Even if you cut the cord with Netflix, Hulu, HBO Go and others all vying for your dollars, it can feel like death by 1,000 video subscriptions.
DirecTV customers may soon find themselves with fewer channels.
At midnight Friday, the contract between AT&T and Viacom is set to expire, meaning popular stations such as Nickelodeon and Comedy Central could go black.
Viacom is warning AT&T’s DirecTV subscribers that they may lose access to 23 channels if a dispute over fees isn’t resolved before the contract expires. Viacom also is encouraging customers to contact AT&T.
“Unfortunately, AT&T is abusing its new market position by favoring its own content – which significantly underperforms Viacom’s – to stifle competition,” Viacom said in a statement Tuesday.
However, AT&T is hoping “to avoid any interruption to the channels some of our customers care about,” the company told USA TODAY in a statement late Tuesday.
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“We’re disappointed to see Viacom put our customers in the middle of their negotiations,” AT&T said in the statement. “We are on the side of customer choice and value and want to keep Viacom’s channels in our customers’ lineups.”
AT&T is the largest pay TV provider in the U.S., with 24.5 million subscribers.
Viacom is posting updates on its website, www.keepviacom.com, and airing ads that urge customers to contact AT&T. The media company has done the same in other contract negotiations.
Trevor Noah, host of Comedy Central’s “The Daily Show” stars in one of the ads.
“If you think government shutdowns are bad, get ready for something worse,” Noah said. “AT&T-DirecTV might drop Comedy Central and up to 22 other Viacom channels.”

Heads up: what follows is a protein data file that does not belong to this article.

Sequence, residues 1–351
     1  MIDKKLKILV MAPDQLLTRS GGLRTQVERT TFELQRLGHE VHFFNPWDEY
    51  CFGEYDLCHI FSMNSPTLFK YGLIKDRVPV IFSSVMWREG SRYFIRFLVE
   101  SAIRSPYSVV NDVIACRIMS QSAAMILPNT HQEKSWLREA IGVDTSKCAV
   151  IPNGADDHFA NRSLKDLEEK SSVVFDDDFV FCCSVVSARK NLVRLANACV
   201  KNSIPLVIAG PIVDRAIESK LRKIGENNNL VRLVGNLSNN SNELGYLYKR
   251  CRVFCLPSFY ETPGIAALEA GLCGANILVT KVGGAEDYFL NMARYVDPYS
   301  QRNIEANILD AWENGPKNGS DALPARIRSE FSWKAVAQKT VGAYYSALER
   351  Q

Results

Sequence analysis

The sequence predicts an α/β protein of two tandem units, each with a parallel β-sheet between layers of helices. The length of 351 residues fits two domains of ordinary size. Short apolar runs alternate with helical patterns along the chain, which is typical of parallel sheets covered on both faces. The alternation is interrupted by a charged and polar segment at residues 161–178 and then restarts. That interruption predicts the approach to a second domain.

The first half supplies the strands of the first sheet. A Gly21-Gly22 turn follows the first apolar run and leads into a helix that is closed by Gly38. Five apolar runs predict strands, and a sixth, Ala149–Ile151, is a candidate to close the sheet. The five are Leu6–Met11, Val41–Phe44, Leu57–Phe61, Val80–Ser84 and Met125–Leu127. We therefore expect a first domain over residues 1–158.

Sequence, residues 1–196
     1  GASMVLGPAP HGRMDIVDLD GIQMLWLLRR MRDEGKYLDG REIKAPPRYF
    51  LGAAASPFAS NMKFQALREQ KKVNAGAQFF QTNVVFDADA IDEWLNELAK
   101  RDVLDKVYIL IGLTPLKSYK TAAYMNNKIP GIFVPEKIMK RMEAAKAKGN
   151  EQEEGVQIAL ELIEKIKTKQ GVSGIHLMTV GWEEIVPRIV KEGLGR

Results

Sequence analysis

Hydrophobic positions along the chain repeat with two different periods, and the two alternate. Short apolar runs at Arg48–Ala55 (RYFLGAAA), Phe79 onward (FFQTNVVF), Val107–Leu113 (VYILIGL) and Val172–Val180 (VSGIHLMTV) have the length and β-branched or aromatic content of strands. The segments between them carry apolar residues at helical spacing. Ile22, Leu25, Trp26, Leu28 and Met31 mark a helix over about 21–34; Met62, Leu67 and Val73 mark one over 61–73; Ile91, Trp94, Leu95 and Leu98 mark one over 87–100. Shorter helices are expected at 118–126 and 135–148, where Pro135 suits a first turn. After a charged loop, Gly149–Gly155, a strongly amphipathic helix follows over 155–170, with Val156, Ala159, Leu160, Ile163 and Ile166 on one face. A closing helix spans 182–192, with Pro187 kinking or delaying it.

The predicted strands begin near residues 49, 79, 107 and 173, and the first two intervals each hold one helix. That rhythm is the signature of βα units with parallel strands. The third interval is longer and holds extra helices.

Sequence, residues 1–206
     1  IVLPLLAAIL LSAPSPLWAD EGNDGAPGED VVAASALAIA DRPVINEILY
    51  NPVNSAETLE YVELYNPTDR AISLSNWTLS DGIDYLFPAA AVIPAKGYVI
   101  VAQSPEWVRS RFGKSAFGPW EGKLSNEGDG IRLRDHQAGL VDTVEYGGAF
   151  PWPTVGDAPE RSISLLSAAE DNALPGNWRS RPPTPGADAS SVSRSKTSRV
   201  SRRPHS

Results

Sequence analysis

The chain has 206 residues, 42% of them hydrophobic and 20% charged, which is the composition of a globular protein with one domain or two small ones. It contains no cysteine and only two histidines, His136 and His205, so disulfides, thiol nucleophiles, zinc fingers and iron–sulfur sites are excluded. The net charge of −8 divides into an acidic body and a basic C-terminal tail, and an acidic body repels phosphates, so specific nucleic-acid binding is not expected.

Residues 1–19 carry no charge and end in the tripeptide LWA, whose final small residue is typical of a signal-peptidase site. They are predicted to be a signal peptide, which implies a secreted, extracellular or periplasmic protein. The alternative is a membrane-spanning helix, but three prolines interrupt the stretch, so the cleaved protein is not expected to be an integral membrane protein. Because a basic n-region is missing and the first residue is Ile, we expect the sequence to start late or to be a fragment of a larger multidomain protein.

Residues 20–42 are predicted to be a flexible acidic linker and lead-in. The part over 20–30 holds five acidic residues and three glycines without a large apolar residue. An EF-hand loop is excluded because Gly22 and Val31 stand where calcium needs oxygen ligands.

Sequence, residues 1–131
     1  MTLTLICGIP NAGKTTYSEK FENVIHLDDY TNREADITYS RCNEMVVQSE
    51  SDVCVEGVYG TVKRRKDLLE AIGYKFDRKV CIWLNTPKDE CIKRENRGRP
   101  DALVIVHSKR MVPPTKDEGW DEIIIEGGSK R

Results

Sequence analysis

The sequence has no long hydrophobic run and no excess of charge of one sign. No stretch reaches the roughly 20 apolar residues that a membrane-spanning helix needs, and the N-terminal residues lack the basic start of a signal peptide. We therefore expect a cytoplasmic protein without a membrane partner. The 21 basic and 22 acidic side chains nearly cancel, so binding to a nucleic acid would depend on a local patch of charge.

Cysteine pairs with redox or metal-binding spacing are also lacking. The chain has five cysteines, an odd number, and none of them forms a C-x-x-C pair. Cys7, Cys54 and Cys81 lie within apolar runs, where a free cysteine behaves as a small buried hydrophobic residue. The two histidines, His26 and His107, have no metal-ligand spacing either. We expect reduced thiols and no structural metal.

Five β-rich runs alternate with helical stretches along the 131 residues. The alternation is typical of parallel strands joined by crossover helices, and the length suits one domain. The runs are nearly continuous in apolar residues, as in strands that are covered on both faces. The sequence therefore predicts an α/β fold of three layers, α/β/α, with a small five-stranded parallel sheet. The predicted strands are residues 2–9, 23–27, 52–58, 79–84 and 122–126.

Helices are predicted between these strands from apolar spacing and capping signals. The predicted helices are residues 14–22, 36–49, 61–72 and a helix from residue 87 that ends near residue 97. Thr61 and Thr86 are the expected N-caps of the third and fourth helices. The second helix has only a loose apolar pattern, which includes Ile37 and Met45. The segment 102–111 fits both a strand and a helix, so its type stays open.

In its statement, Viacom says it is “the No. 1 cable family serving key customers and communities on AT&T-DirecTV’s services across kids, teens, 18-49, African Americans and Hispanics.”
AT&T said “several of Viacom’s channels are no longer popular.”
“Viacom’s channels in total have lost about 40 percent of their audience in the past six years,” AT&T said in the statement. “Viacom is a serial bad actor in these business negotiations and has repeatedly used these tactics with other distributors.”
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Disputes between content providers and cable and satellite providers aren’t uncommon as companies try to negotiate new deals.
Both AT&T and Viacom say they are looking for a resolution.
“We have made a series of offers that are good for consumers and good for AT&T – giving subscribers more access to the Viacom channels they love, including Nickelodeon, BET, MTV, Comedy Central and Paramount, while enabling AT&T-DirecTV to lower customers’ bills in the process,” Viacom said.
AT&T said it’s also the company’s goal “to deliver the content our customers want at a value that also makes sense to them.”
“We’ve always fought to get the best deal for our customers, delivering the content they want at a great value,” AT&T said. “We’ll continue to fight for that here.”
Sometimes the negotiations are extended to allow the parties to reach an agreement. In many situations, the stations don’t go black.
One ongoing dispute that has lasted several months is between Dish Network, HBO and Cinemax.
HBO and Cinemax went dark for Dish Network subscribers in November as part of a programming dispute between Dish and AT&T, owner of the two premium cable companies.
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Contributing: Eli Blumenthal
Follow Kelly Tyko on Twitter: @KellyTyko
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